Japan's new PM Suga: will support people, bring strong economy back
Yoshihide Suga took office as Japan's newly elected prime minister on Wednesday, forming a Cabinet of familiar faces as he pledges to stay the course set by his predecessor Shinzo Abe.
Suga held his first news conference as prime minister, addressing important issues in Tokyo on Wednesday evening. He said the immediate focus would be reviving the battered economy while keeping the COVID-19 pandemic under control.
"the biggest challenge currently facing Japan was the spread of the novel coronavirus," Suga said, adding that there was a need to balance the fight with the virus with economic revival.
Saying that there could not be a political vacuum at a time of national crisis, Suga is committed to advancing Shinzo Abe's policies, including "Abenomics," a mix of measures aimed at beating deflation and spurring growth in the world's third-largest economy, vowing to "bring back strong economy for Japan."
Highlighting his focus on digitalization in education and medical reforms, he pledged that he would beef up coronavirus testing capacity and secure a vaccine for all residents when it was ready.
Suga was sworn in as Japanese prime minister by Emperor Naruhito earlier Wednesday after being elected to succeed Shinzo Abe in an extraordinary parliamentary session.
After announcing the lineup of his new cabinet, Suga was formally endorsed by Emperor Naruhito in a ceremony at the Imperial Palace, becoming the country's first new leader in nearly eight years.
The new prime minister is scheduled to hold a news conference and convene the first meeting of the new cabinet later in the day.
Suga won 314 votes out of 462 cast by parliament's lower house members. The chamber takes precedence in electing a premier over the upper house, which was also expected to pick Suga because of a ruling bloc majority.
The new Japanese prime minister was born in 1948 and graduated from Hosei University in 1973 and obtained a Bachelor of Laws.
Suga has pledged to pursue many of Abe's programs, including his signature "Abenomics" economic strategy, and forge ahead with structural reforms, including deregulation and streamlining bureaucracy.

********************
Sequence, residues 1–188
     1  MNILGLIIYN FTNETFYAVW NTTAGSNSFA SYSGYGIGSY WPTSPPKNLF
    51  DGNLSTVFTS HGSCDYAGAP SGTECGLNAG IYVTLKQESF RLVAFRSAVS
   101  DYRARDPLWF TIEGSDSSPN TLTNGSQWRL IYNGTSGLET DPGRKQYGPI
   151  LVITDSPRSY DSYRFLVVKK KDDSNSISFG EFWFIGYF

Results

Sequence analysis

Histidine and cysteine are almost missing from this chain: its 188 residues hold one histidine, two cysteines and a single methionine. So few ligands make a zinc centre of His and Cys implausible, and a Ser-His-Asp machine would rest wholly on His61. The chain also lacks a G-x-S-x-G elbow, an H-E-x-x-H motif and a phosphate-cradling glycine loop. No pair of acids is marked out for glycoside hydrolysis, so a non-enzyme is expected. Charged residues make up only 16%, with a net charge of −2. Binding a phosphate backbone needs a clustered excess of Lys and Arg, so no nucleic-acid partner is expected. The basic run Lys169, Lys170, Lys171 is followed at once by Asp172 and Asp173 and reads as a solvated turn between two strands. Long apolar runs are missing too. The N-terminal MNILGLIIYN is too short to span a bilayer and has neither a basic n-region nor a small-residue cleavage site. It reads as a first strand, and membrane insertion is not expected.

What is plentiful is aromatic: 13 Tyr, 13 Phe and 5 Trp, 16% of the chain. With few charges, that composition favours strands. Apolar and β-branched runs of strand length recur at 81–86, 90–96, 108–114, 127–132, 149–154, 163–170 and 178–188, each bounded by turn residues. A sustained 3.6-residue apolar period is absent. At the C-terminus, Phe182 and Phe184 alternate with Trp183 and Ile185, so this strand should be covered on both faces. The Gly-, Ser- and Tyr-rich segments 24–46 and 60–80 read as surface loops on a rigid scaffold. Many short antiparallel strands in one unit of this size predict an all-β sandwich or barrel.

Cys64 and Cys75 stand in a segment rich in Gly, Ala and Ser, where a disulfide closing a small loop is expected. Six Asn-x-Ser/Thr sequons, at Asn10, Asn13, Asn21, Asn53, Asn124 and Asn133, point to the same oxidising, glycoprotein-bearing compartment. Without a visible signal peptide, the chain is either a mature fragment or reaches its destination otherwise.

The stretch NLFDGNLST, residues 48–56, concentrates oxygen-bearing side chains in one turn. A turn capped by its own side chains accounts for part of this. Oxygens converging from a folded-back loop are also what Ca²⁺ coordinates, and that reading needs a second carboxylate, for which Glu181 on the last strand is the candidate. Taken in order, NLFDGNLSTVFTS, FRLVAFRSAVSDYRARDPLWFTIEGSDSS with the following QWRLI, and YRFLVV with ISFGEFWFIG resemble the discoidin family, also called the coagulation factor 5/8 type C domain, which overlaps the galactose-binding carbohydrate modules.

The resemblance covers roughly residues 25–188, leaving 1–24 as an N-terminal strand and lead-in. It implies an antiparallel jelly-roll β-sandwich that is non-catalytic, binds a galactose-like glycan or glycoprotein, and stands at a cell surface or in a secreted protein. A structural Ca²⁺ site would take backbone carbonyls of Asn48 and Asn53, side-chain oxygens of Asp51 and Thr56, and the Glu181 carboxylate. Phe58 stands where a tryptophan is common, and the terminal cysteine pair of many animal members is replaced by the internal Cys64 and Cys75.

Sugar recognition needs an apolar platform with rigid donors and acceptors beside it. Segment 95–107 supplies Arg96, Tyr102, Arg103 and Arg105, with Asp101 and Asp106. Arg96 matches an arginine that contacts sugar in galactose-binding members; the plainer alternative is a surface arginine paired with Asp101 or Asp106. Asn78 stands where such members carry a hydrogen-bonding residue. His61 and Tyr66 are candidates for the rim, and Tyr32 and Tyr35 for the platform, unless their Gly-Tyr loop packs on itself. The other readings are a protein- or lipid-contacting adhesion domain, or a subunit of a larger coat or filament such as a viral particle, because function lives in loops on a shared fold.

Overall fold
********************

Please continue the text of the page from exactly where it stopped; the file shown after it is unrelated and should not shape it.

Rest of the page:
A plethora of challenges are ahead for the new PM, including tackling COVID-19 while reviving a battered economy and dealing with a rapidly aging society.
New cabinet, same faces
Suga later on Wednesday named his new cabinet, with roughly half of the ministers carried over from those of predecessor Shinzo Abe in line with his pledge to continue Abe's policies.
Taro Aso, a core member of Abe's administration, remained in his position as finance minister, and Toshimitsu Motegi kept his job as foreign minister.
Kato, 64, named to Suga's previous post of chief cabinet secretary, is close to both Abe and the new prime minister, under whom he served as deputy chief cabinet secretary.
Taro Kono, who served as defense minister in Abe's last cabinet, is now appointed as administrative reform minister.
Hiroshi Kajiyama retains his post as minister economy, trade, and industry while Shinjiro Koizumi retains his post as environment minister.
Among new cabinet members was Defence Minister Nobuo Kishi, Abe's younger brother.
Chinese leader to send congratulatory message
According to the Chinese Foreign Ministry, the Chinese leader will send congratulatory messages to the new Japanese prime minister.
"We have noted that Prime Minister Kan Yiwei has said many times recently that he wants to build stable diplomatic relations with China and other neighboring countries," Foreign Ministry spokesperson Wang Wenbin said at the Wednesday's press conference, adding that China agrees with him.
Saying China and Japan are close neighbors and important countries in Asia and even the world, Wang noted long-term stable, friendly, and cooperative Sino-Japanese relations are in line with the fundamental interests of the two peoples and the broad-based expectations of the international community.
China is willing to work with the new Japanese government to uphold the various principles stipulated in the four political documents between China and Japan, jointly promote China-Japan relations and constantly achieve new and greater development, he added.
When asked about China's views on Japan's new defense minister, who was reported to have close ties with the Taiwan authorities, Wang said China hopes Japan will refrain from developing official ties with Taiwan.
He hopes the new Japanese government can adhere to the one-China policy.